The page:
AKCAKALE, Turkey – Turkey launched airstrikes, fired artillery and began a ground offensive against Kurdish fighters in northern Syria on Wednesday after U.S. troops pulled back from the area, paving the way for an assault on forces that have long been allied with the United States.
Turkish President Recep Tayyip Erdogan announced the start of the campaign, which followed the abrupt decision Sunday by U.S. President Donald Trump to essentially abandon the Syrian Kurdish fighters, leaving them vulnerable to a Turkish offensive that was widely condemned around the world.
The decision was a major shift in U.S. policy and drew oppositions from all sides at home. It also marked a stark change in rhetoric by Trump, who during a press conference in New York last year vowed to stand by the Kurds, who have been America's only allies in Syria fighting the Islamic State group. Trump said at the time that the Kurds “fought with us” and “died with us,” and insisted that America would never forget.
After Erdogan announced the offensive, Trump called the operation “a bad idea.” Later Wednesday, he said he didn't want to be involved in “endless, senseless wars.”
Residents of the borders areas in northern Syria were in a panic and got out on foot, in cars and with rickshaws piled with mattresses and a few belongings. It was a wrenchingly familiar scenario for the many who, only a few years ago, had fled the advances on their towns and villages by Islamic State group.
Plumes of smoke could be seen rising near the town of Qamishli and clashes continued late Wednesday amid intense shelling as Turkey struck at least six different border towns along a 290-mile. At least seven civilians and three members of the Kurdish-led force known as the Syrian Democratic Forces were killed in the Turkish bombardment, Kurdish activists and a Syria war monitor said.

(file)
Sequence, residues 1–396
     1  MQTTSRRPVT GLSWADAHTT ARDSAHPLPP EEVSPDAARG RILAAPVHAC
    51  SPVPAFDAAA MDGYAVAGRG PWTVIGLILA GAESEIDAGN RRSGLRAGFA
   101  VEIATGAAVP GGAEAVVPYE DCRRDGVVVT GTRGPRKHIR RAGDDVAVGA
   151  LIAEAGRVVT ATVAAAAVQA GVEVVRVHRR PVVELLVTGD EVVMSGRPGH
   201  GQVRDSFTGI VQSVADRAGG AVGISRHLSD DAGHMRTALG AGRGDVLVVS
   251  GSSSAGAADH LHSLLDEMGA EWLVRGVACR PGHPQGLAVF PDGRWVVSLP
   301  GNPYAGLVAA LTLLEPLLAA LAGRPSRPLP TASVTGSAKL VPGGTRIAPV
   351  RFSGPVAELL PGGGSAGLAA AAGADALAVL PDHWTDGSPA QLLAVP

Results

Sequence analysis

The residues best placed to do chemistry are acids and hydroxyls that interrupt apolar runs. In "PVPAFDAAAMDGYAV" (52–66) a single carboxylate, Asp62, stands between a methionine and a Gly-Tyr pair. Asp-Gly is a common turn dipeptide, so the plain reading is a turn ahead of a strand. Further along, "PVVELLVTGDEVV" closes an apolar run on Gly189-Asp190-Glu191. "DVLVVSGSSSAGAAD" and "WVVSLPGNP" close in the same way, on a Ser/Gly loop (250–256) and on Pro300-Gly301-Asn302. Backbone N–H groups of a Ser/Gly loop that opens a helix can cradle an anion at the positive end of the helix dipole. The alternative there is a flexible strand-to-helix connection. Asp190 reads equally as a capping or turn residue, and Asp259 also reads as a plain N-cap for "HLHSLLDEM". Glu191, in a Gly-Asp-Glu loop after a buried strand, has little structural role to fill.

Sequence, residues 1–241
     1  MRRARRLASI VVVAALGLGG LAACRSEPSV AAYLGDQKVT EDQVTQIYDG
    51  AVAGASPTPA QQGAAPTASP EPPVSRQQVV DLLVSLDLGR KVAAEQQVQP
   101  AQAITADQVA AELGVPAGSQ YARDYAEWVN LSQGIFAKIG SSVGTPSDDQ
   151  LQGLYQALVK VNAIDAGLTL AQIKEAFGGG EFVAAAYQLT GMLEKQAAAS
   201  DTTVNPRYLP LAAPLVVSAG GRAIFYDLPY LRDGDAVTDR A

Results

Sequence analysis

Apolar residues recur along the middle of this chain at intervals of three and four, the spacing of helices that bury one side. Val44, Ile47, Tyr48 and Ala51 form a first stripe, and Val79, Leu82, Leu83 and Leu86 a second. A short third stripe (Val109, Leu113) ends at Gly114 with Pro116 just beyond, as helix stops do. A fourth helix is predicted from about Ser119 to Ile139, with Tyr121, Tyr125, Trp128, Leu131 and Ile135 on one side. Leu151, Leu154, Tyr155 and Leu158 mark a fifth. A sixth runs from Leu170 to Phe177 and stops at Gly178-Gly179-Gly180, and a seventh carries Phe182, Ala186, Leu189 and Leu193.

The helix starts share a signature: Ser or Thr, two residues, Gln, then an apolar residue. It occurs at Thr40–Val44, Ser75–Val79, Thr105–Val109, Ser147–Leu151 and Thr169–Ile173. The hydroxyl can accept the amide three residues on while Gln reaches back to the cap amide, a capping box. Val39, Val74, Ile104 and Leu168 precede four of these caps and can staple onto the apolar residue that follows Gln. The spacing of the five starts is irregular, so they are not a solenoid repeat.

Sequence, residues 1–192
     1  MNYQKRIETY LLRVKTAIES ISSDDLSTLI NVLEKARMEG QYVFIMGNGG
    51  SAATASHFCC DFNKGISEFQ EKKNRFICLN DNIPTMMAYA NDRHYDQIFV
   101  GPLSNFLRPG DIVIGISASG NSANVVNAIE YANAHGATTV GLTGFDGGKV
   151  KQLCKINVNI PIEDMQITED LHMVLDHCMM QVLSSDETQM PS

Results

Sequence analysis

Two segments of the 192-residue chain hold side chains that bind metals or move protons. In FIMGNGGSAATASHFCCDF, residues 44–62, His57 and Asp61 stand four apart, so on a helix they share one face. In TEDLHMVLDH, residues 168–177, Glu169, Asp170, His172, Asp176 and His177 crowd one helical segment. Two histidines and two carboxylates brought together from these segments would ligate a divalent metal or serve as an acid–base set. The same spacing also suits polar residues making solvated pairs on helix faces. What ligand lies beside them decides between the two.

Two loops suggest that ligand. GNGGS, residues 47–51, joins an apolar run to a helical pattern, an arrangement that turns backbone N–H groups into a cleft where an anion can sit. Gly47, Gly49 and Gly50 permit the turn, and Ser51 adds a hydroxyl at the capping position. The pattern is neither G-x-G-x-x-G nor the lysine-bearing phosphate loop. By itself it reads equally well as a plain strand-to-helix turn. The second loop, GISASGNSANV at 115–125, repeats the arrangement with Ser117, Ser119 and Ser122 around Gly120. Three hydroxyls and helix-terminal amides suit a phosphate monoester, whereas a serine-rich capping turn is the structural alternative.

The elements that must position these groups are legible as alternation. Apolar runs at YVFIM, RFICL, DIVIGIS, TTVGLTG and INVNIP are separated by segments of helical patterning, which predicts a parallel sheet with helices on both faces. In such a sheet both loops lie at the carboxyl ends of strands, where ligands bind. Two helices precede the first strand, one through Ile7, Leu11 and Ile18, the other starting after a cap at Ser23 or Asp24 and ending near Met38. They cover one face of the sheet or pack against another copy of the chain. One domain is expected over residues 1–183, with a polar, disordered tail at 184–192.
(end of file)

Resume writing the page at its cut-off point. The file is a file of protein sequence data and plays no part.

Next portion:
In his statement, Trump emphasized that there are no American soldiers in the area under attack.
“Our mission is to prevent the creation of a terror corridor across our southern border, and to bring peace to the area,” Erdogan said in a tweet announcing what he called “Operation Peace Spring.”
He said that Turkish forces, with Ankara-backed Syrian fighters known as the Syrian National Army, had begun to eradicate what he called “the threat of terror” against Turkey.
Mustafa Bali, a spokesman for the U.S.-backed Syrian Democratic Forces, said Turkish warplanes were targeting “civilian areas” in northern Syria and that shells also had fallen near a prison guarded by Kurds and holding some of the most dangerous IS militants. The AP could not verify the report independently.
In Washington, officials said two British militants believed to be part of an Islamic State group that beheaded hostages and was known as “The Beatles” had been moved out of a detention center in Syria and were in U.S. custody.
Before Turkey's attack, Syrian Kurdish forces who control nearly 30% of Syria's territories warned of a “humanitarian catastrophe.” More than 2 million people live in the area impacted by the attacks, according to aid groups.
The Britain-based Syrian Observatory for Human Rights said those killed in the Turkish bombardments included two Christian Assyrians in Qamishli, a married couple and their child, a man in a village outside of the town of Tal Abyad, and a child in a village west of Qamishli.
The Turkish operation meant to create a “safe zone” carries potential gains and risk for Turkey by getting even more deeply involved in the Syria war. It also would ignite new fighting in Syria's 8-year-old war, potentially displacing hundreds of thousands.